Leading Shariah scholars rule cultivated meat can be halal
GOOD Meat, the cultivated meat division of food technology company Eat Just, Inc, has announced that a group of leading Islamic scholars has advised the firm that real meat made from cells, without raising and slaughtering animals, can be halal if production meets certain criteria. Answering this theological question is a meaningful step forward for international acceptance of cultivated meat since halal consumers represent about 25% of the world's population.
This landmark Shariah opinion from a trio of well-respected scholars in Saudi Arabia comes as cultivated meat begins to enter commerce in the USA and consumers around the world are learning how meat made in this new way can help address global food systems challenges connected to climate change, food safety, food security and animal welfare. With the Muslim population rapidly increasing, so too is their meat consumption. The global halal meat market was a US$202 billion business in 2021 and is estimated to reach US$375.05 billion by 2030, according to some estimates.
The Shariah scholars reviewed documentation prepared by GOOD Meat and attorneys at AlDhabaan & Partners in association with Eversheds Sutherland that described how cultivated chicken, the company’s first product, is made. The panel studied details about how the cells are sourced and selected, the ingredients fed to the cells to stimulate growth, how the cells are harvested and how finished products are manufactured.
GOOD Meat also engaged the Halal Product Advisory, a Division of Halal Product Development Company, a fully owned subsidiary of the Public Investment Fund of Saudi Arabia, to advise and assist the company with the official process for halal pre-certification in Saudi Arabia and globally.
The scholars concluded that cultivated meat can be halal under the following conditions: the cell line is from an animal that is permissible to eat, such as a chicken or a cow; the animal the cell line is extracted from is slaughtered according to Islamic law; the nutrients fed to the cells are permissible to eat, and do not include any substances that are forbidden to be eaten such as spilled blood, alcohol or materials extracted from animals that have not been slaughtered properly or pigs; and finally the cultivated meat is edible and that it does not harm human health, and this is confirmed by referring to specialists, such as a country’s food regulatory agency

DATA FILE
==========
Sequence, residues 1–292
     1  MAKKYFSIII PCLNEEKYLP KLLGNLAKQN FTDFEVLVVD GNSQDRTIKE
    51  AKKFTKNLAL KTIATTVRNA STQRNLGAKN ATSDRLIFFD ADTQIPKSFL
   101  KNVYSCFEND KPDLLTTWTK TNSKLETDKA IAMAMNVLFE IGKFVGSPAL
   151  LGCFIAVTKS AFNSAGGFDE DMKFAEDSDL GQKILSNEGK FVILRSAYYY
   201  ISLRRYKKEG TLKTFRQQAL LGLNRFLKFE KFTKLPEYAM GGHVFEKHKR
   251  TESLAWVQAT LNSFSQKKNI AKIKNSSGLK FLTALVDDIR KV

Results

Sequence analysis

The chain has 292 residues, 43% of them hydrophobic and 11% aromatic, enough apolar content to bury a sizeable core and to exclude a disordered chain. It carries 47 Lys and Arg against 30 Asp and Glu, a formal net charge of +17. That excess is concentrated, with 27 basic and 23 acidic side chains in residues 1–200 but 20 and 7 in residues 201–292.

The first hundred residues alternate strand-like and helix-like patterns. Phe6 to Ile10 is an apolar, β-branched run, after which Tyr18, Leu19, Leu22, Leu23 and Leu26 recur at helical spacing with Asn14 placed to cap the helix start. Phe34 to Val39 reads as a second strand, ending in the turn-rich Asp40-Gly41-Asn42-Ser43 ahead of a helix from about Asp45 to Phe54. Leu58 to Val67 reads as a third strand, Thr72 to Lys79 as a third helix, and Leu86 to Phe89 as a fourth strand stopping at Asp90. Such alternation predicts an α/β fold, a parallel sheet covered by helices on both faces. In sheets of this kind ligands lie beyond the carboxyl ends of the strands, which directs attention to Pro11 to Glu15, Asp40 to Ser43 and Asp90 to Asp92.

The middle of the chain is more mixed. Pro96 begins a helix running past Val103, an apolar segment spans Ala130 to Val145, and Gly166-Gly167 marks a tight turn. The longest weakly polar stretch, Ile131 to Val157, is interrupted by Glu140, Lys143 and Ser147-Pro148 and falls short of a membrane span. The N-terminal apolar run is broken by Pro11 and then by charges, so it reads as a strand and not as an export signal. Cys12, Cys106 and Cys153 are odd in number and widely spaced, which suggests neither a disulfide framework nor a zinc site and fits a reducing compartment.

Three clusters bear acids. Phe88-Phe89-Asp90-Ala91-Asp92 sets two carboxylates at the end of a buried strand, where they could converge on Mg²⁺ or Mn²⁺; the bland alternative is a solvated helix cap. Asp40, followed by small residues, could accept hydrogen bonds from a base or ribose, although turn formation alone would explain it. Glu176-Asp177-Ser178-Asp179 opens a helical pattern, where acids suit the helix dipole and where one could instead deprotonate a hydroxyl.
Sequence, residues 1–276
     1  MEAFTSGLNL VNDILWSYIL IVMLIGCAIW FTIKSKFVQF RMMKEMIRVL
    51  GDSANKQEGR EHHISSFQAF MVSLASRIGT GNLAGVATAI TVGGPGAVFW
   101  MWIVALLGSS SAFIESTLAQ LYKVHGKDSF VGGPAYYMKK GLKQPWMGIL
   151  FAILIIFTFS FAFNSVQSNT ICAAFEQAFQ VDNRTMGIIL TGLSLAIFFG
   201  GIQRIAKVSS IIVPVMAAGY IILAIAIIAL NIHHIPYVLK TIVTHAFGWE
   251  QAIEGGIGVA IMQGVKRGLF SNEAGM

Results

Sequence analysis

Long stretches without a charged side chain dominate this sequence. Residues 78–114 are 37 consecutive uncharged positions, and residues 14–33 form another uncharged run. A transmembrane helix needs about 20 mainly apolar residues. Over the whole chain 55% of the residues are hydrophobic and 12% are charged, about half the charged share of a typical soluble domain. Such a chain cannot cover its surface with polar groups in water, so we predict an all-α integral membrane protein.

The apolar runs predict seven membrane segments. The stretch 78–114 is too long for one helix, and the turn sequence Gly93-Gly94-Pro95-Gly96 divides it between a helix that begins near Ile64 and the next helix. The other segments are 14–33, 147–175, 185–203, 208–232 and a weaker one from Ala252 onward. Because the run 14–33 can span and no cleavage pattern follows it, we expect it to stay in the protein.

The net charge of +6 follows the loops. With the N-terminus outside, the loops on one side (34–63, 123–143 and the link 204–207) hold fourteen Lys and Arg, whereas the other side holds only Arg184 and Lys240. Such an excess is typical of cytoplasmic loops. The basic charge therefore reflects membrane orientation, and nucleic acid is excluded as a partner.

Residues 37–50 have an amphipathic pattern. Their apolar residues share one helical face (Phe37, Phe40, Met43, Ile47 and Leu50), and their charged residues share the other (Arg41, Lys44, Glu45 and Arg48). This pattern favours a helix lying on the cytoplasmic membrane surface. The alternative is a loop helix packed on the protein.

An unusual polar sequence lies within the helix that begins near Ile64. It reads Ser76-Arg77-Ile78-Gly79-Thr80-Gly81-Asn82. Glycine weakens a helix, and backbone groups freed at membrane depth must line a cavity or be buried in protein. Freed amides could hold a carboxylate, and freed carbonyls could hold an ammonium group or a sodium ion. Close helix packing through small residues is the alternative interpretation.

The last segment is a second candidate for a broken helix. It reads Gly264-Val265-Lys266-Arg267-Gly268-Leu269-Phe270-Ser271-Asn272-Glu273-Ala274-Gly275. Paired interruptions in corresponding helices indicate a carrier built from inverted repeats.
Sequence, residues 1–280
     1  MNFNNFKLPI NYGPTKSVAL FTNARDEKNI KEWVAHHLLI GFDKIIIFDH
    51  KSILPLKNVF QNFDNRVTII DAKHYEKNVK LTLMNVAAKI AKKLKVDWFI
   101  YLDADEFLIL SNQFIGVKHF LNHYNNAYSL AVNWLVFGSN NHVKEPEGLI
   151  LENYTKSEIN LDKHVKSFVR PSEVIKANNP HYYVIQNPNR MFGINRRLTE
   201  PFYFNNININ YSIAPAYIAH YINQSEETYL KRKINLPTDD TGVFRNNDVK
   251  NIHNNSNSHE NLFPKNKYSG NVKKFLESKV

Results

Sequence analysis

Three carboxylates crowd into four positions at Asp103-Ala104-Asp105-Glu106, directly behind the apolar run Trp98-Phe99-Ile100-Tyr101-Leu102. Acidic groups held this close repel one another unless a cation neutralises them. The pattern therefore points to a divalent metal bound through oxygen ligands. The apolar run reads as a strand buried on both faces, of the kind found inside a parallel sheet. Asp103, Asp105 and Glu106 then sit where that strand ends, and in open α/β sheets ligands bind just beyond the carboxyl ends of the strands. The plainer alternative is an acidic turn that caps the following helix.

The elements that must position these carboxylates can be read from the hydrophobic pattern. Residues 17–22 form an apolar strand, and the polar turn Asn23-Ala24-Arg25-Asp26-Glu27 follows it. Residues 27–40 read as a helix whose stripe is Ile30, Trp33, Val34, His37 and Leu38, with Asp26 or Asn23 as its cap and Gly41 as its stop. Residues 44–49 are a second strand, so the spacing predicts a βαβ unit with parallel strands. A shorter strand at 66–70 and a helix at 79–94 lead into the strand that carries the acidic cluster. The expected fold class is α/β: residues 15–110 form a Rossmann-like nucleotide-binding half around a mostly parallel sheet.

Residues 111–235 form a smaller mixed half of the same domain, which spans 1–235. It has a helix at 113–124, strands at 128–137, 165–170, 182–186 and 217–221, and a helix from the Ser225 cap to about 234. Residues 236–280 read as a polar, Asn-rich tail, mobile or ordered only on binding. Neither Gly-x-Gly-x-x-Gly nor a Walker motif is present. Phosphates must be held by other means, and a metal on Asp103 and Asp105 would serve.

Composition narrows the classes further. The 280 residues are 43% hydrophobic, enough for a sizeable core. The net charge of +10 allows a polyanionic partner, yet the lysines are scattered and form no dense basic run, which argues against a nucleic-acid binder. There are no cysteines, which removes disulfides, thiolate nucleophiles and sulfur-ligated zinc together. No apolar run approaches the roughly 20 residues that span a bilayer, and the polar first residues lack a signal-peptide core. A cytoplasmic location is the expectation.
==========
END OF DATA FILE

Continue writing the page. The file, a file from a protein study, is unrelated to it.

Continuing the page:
GOOD Meat’s chicken cell line and production process that were approved by regulators in the USA and Singapore do not yet meet the above criteria, however, with this clarity the company will work on a process to meet the halal guidelines moving forward.
"If cultivated meat is to help address our future food system needs, it has to be an option for the billions of people around the world who eat halal," said GOOD Meat co-founder and CEO Josh Tetrick. "This landmark ruling provides much needed clarity on how to ensure that is achieved. All companies should work to build a process to meet these guidelines."
The above ruling is a positive sign for cultivated meat companies that want to serve areas of the world with large Muslim populations, like the Middle East. In fact, a recent poll of more than 2,000 consumers in six key Middle East countries found that a vast majority of respondents would purchase cultivated meat and switch to it from conventional meat, assuming it was halal, sold at a comparable cost and tasted the same as what they are used to. The GOOD Meat-commissioned study released at last year’s United Nations Climate Change Conference polled consumers in Saudi Arabia, Qatar and other countries in the region.
In the poll conducted by PSB Insights, a leading independent consulting firm, climate messaging was one of the most effective tools to influence purchase intent. A recent article in the journal Frontiers in Nutrition sheds some light on that motivation, pointing out that eating halal cultivated meat may be considered by some as a step toward Khilafa (guardianship of nature). The authors note that “adoption of a diet with a lower environmental impact, via consumption of alt protein products, may be considered a way to uphold at least two of the five key principles: the preservation of life and linage.”
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